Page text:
A decade ago you would go to The Empire Comedy Club or you might go to The Waterfront, where obviously the bar is set pretty high. Now there are plenty of steps in between. And I am always thinking, “where does it go from here?” How can we take this process further.
I’m not sure, but I think I might be one of the few people that thinks more analytically about that. I think about the development of the infrastructure so that there are avenues for enthusiastic people to walk down.
Surely though there have always been high profile acts from Northern Ireland that offered inspiration to local comedians?
Yes that is true, but many of them were based in London or had to go away to develop an audience.
There was a period before the Troubles where Belfast had Music Halls and Clubs in the 60’s where people could develop acts and I just don’t know if comedians were part of that, and I would love to investigate what happened in the 50’s and 60’s and I know some people who I think could shed some light on that period, but for many of the comedians around now, the people who started in 2007-8, the lineage for them would be Colin Murphy, Tim McGarry, Patrick Kielty, the Hole in the Wall Gang. Kevin McAleer and Owen O Neil, two big acts from the Empire period. Yes there were local acts but by and large people worked out of London.
We still needed the regular events, the clubs and the people willing to promote these activities to allow development to take place.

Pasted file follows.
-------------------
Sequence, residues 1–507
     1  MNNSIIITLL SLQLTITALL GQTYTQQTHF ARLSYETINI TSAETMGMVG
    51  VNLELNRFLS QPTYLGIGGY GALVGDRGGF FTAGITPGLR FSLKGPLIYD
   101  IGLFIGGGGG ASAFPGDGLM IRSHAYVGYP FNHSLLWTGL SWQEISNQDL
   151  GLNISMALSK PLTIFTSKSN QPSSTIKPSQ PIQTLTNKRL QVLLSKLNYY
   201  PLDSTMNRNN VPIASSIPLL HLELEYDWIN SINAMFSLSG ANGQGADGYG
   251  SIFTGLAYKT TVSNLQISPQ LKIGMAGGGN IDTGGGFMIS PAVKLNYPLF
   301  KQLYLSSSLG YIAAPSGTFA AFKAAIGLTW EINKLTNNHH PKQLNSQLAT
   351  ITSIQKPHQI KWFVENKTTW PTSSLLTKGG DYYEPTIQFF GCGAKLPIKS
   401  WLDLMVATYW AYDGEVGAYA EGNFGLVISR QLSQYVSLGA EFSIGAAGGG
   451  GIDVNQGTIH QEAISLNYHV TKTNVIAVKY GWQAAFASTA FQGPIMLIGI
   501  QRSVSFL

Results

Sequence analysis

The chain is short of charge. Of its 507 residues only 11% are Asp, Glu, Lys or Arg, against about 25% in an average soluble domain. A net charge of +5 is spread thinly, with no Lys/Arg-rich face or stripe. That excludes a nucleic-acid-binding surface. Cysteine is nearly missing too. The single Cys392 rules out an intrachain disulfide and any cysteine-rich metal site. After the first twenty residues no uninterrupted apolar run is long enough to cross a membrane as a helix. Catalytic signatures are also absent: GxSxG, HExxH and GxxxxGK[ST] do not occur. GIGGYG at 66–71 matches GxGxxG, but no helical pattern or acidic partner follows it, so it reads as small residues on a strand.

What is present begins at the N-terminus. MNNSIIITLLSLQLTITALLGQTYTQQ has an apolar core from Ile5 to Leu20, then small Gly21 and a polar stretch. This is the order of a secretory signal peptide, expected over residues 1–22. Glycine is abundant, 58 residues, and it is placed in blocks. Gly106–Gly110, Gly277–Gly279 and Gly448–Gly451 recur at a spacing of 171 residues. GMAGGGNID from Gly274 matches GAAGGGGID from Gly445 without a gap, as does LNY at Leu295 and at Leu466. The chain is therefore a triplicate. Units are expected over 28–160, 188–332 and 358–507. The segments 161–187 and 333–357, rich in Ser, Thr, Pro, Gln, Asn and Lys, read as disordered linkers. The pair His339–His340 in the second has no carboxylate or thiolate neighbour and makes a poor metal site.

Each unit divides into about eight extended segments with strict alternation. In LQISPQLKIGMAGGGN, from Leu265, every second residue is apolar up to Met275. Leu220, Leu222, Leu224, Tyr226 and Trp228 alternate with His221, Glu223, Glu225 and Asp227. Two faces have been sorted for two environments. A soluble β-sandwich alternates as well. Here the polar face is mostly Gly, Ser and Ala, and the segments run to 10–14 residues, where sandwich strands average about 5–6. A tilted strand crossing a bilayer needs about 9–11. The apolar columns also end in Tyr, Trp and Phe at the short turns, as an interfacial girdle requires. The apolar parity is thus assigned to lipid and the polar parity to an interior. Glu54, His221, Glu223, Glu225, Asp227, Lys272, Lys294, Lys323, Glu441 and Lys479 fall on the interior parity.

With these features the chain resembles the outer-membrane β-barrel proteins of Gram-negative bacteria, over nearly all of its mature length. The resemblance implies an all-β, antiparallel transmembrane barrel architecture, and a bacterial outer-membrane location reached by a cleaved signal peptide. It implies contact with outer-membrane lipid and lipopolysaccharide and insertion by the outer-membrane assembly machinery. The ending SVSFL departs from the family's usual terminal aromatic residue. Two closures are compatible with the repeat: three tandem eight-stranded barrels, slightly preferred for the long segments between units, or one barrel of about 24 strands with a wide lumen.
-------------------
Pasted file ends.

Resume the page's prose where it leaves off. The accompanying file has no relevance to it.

Would you say that being part of maintaining the local comedy scene enthuses you as much as performing?
I’m definitely happy that you can point to regular comedy events in Belfast. I would say that I am enthused that there is an infrastructure, an essential element of being able to develop as a comedian.
There is a small but loyal audience which understands that comedians have to develop over time and there is a new group of comedians who are building audiences and developing some sort of career through their work.
What maintains your enthusiasm, given that through all that development things are still relatively small scale?
For me I get inspired about the development of ideas. Taking an idea, finding something humorous within the concept and working on that to develop that idea to then be conveyed to an audience.
The art form, or they craft of comedy, and the onstage performance side of that process is enough to maintain my enthusiasm. I have always been committed to that.
I don’t really get highs and lows. I love performing and I enjoy writing and that really is enough to keep me going. I do think once you commit to stand-up it is pretty hard to give it away, to just give up.
Where to now?
We need to develop comedic writers. Not just stand-ups, but people who write sit coms or theatre shows and it is their craft to be comedy writers. This might not be a natural outcome of the stand-up infrastructure but nevertheless I would like to see that develop way beyond where it is now.
I think some of the newer comedians need to become promoters because there is no outside help; no funding, no business people offering to finance a club, no purpose built comedy club that is run as a business.
We have an audience, we need a bigger audience. That audience has an understanding of what needs to be done to develop good acts, we need a bigger audience which has an understanding of what needs to be done to develop good acts. That is a healthy situation to be in.